The Christmas shopping season has arrived and retailers are counting on your consumer impulses to drive you to buy everything your lustful heart desires. If you've ever ended up with a cart full of fishbowls, bedazzlers and life-size giraffe statues, you know shopping fever can cause you to make some pretty stupid choices. Here's a look at some of the most common and what you can do to put a stop to them.
Photo remixed from an original by Jason Aron/Shutterstock.
Stupid Thing #1: You Love Free Stuff, Even When It's Bad For You
The power of free can be very compelling, so much so that you feel inclined to take any free item just because it's offered. This may not seem like such a bad thing, because a free gift seems particularly harmless. The problem is, just because you're not paying with money doesn't mean you're not paying at all. The power of free can cause you to make choices you wouldn't otherwise make, and the consequences can be worse than letting go of a few precious dollars.
Dan Ariely, the author of Predictably Irrational, conducted an experiment where he and his team offered free tattoos to people at a nightclub. Seventy-six people wanted to take advantage of this free offer. The crowd were an average age of 26 and were essentially sober (rating an average of 2.64 on a drunkenness scale of 1 to 11), and most of them only wanted a permanent tattoo because it was free:
When we asked the people in line for the free tattoos if they would get the tattoo if it were not free, 68 per cent said they would not. They were only getting it because it was free. We also asked the participants if they knew that there were free tattoos being offered at the party. The 90 per cent that knew they would be giving away free tattoos were asked two follow-up questions. First, when asked when they made their decision to get a tattoo that night before or after arriving at the party, 85 per cent said they made their decision before arrival and 15 per cent made the decision after arriving. When further asked, on a scale of 0-100, how likely did they think they were to get a tattoo that night, people were on average 65 per cent sure they would be getting a tattoo.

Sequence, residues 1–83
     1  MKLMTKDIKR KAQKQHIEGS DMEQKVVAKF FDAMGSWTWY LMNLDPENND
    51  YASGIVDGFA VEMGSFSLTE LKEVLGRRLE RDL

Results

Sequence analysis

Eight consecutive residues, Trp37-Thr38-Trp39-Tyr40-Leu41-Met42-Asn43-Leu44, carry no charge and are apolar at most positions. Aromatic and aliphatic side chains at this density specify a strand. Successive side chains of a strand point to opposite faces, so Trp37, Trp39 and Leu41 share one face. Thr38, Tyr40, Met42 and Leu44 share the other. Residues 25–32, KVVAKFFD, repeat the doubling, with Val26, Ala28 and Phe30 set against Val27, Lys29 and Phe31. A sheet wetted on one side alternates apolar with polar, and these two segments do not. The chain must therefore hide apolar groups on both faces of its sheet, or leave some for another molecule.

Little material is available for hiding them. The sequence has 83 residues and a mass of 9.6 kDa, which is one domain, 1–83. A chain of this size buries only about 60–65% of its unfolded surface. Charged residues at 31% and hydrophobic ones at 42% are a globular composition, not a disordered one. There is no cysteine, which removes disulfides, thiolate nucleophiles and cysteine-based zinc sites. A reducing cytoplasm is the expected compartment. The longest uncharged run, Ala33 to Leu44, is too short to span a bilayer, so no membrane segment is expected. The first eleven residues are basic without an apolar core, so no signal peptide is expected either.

A handful of participants didn't even know what kind of tattoo they wanted, but simply that they didn't want to pass up this opportunity. We do this frequently when free offers are made, and the easy way to solve the problem is to ask yourself a simple question: if this free thing was simply half price, or lightly discounted, would I still want it? If you answer yes, it might be worthwhile. If not, you should urge yourself to take a pass. The problem with free stuff is that there's often another form payment involved, like the sacrifice of personal information, and having your address sold to other companies who will send you a torrent of junk mail isn't necessarily worth what you seemingly gained for free.